The Bradford fire on May 11 had little to do with hooliganism but was further grist to the mill for an establishment that wanted to kill off football's affront to law and order. May 29 brought the Heysel disaster at the European Cup final, where 39 Juventus fans were killed when a charge of Liverpool fans caused those fleeing to force a wall in a dilapidated stadium to collapse. Two days later, Thatcher urged the Football Association to withdraw English teams from European competition, a move compounded by UEFA imposing an "indefinite" ban that would last until 1990.

Margaret Thatcher attends the 1988 Scottish Cup final with her husband, Dennis
GettyImagesMargaret Thatcher attends the 1988 Scottish Cup final with her husband, Dennis.

Thatcher would not tolerate any further continental embarrassment. She turned her attentions to domestic football with measures that threatened to ruin the game as supporters had known it for a century. Luton chairman David Evans, a rabid right-winger of the political type and a Conservative Party Member of Parliament, did his mistress' bidding in introducing an ID card scheme for fans wanting to attend home matches at his club. All away fans would be banned. Luton became the most unpopular club in the country but provided a blueprint for a proposed government scheme.

The Conservative government wanted to rush through ID cards for the start of the 1985-86 season but it was delayed ahead of a season that suffered a TV blackout until January 1986. Football was running out of friends in the media, too, and there were yet darker days to come. The ID scheme, as proposed by an Act of Parliament, would make it an imprisonable offence to attempt to attend to a football match without requisite ID. It was draconian, demonising and would serve to stop clubs gaining the lifeblood of new support. That was not Thatcher's problem. Her only concern was quelling civil unrest. Protests from football authorities and fans' groups were dismissively waved away.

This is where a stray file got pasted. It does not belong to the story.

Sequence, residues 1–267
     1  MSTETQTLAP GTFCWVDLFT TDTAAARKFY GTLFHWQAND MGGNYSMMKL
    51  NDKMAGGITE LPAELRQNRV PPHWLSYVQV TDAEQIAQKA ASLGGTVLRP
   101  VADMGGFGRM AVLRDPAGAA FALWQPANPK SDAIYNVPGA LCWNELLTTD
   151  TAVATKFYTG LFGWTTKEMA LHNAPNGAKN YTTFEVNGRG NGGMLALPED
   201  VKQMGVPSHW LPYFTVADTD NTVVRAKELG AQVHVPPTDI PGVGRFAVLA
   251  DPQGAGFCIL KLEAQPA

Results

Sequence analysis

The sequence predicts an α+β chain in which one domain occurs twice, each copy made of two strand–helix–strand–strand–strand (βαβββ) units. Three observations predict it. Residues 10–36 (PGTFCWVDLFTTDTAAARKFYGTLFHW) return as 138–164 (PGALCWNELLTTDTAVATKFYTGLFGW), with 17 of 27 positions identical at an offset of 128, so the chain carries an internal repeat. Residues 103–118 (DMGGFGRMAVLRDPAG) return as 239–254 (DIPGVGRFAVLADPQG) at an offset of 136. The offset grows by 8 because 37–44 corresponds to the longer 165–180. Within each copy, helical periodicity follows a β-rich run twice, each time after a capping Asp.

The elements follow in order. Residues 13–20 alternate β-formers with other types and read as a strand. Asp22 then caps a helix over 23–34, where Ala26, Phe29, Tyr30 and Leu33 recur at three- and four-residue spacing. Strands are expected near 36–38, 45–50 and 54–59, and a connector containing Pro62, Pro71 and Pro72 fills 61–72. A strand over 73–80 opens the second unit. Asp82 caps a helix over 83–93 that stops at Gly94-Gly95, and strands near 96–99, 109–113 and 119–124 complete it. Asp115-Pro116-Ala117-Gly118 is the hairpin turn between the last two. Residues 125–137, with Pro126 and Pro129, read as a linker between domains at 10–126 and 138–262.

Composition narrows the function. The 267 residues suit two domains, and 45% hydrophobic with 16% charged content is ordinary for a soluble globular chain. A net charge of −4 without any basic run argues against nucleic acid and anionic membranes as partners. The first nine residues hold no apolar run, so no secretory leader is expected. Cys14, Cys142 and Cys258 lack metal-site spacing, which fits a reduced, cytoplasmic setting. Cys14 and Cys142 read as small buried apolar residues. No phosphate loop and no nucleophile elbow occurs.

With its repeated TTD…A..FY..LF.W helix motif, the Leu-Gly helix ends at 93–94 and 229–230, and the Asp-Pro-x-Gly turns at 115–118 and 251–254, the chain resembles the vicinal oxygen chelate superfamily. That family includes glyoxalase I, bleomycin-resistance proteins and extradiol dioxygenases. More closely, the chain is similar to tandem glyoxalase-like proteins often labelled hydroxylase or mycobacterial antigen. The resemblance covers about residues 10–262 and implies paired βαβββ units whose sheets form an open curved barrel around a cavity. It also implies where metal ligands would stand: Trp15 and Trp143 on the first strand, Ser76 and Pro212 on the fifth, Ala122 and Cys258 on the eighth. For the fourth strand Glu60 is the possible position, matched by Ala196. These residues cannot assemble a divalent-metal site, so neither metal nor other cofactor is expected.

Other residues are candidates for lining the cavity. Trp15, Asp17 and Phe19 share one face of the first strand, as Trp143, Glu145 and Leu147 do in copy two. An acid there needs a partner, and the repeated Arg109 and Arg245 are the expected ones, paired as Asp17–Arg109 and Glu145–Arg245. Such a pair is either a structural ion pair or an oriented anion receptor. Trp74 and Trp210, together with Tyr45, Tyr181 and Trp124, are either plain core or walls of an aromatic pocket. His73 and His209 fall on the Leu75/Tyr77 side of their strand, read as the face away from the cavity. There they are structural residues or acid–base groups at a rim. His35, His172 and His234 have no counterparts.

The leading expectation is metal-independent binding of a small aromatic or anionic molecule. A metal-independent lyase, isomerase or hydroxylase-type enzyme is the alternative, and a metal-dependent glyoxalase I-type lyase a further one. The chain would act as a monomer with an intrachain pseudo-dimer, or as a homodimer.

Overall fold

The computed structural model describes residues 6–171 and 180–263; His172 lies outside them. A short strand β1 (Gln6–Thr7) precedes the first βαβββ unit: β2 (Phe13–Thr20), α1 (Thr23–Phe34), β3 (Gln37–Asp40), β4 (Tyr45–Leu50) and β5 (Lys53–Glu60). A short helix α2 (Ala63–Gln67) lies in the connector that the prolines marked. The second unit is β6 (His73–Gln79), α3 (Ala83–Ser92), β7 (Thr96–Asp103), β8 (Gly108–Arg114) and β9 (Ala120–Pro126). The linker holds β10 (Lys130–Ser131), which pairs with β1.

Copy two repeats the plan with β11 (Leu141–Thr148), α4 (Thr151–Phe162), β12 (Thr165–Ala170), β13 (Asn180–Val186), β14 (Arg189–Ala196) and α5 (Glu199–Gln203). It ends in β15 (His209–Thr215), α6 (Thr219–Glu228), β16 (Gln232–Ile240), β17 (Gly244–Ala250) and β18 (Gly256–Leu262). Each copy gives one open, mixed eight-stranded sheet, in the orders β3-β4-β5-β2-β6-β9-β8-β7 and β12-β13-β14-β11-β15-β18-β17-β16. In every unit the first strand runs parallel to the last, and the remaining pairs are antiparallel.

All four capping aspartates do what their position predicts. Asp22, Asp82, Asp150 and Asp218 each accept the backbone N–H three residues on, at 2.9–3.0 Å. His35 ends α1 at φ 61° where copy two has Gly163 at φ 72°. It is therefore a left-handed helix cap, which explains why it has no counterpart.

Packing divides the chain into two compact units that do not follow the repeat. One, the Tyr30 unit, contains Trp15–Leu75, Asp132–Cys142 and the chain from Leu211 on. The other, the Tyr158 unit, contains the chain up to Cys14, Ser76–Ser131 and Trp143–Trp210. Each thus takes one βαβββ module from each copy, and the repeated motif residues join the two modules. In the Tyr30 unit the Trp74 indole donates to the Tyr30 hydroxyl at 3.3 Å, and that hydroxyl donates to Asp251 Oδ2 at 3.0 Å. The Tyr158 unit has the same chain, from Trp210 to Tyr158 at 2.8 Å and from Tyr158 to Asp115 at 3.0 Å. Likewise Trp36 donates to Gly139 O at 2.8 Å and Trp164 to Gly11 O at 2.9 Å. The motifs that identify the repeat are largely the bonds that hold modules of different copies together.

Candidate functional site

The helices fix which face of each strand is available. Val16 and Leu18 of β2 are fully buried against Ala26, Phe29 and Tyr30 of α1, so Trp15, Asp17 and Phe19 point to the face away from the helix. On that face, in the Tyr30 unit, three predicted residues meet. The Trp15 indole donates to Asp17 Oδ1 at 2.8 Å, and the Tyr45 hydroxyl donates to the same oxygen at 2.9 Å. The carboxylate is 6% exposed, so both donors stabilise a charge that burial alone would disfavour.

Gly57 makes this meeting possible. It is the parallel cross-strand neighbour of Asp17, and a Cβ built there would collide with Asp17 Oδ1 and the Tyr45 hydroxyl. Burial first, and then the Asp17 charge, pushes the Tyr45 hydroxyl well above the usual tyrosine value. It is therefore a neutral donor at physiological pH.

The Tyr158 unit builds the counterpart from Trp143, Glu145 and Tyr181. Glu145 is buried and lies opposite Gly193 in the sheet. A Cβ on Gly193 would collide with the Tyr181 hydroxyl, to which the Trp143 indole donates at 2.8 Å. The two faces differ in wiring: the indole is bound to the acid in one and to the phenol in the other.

The horror of the Hillsborough disaster of April 15, 1989, drew direct lineage from Thatcherite attitudes to football supporters. Instead of working on improving conditions for spectators, fans were treated ever more like cattle, brutalised by police whenever they were perceived to step out of line. A lack of investment meant stadiums were antiquated relics. Hillsborough was a death trap waiting to happen and 96 Liverpool fans perished in a stand built for the 1966 World Cup, and without a valid safety certificate. Hooligans, the folk devils of the time, were initially blamed, and especially so by a series of press briefings by a bungling South Yorkshire police force desperate to cover its tracks.